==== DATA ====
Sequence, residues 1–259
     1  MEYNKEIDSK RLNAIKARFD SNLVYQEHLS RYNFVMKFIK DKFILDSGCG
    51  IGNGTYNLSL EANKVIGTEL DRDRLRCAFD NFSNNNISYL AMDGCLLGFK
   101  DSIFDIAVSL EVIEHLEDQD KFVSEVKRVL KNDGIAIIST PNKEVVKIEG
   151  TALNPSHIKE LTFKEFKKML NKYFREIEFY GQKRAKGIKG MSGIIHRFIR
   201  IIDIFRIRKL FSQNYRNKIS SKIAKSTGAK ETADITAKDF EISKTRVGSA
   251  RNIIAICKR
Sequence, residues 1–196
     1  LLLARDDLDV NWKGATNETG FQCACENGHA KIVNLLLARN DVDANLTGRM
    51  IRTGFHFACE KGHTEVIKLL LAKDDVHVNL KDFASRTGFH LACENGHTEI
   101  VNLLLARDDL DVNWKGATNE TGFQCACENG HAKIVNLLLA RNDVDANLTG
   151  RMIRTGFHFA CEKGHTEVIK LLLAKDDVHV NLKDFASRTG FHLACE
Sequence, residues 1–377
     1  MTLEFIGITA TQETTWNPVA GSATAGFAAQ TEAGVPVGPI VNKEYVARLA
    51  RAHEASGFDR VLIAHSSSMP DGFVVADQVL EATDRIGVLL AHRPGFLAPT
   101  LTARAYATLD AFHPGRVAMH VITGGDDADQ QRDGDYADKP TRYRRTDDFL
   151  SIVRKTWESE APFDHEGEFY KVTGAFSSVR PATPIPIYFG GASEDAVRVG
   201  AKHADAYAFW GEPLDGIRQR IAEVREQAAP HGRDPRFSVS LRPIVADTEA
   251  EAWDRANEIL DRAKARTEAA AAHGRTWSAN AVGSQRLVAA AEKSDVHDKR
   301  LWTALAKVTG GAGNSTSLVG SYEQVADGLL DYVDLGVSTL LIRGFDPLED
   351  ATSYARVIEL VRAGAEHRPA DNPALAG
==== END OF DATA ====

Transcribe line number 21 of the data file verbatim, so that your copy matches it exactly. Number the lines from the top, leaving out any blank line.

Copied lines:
   351  ATSYARVIEL VRAGAEHRPA DNPALAG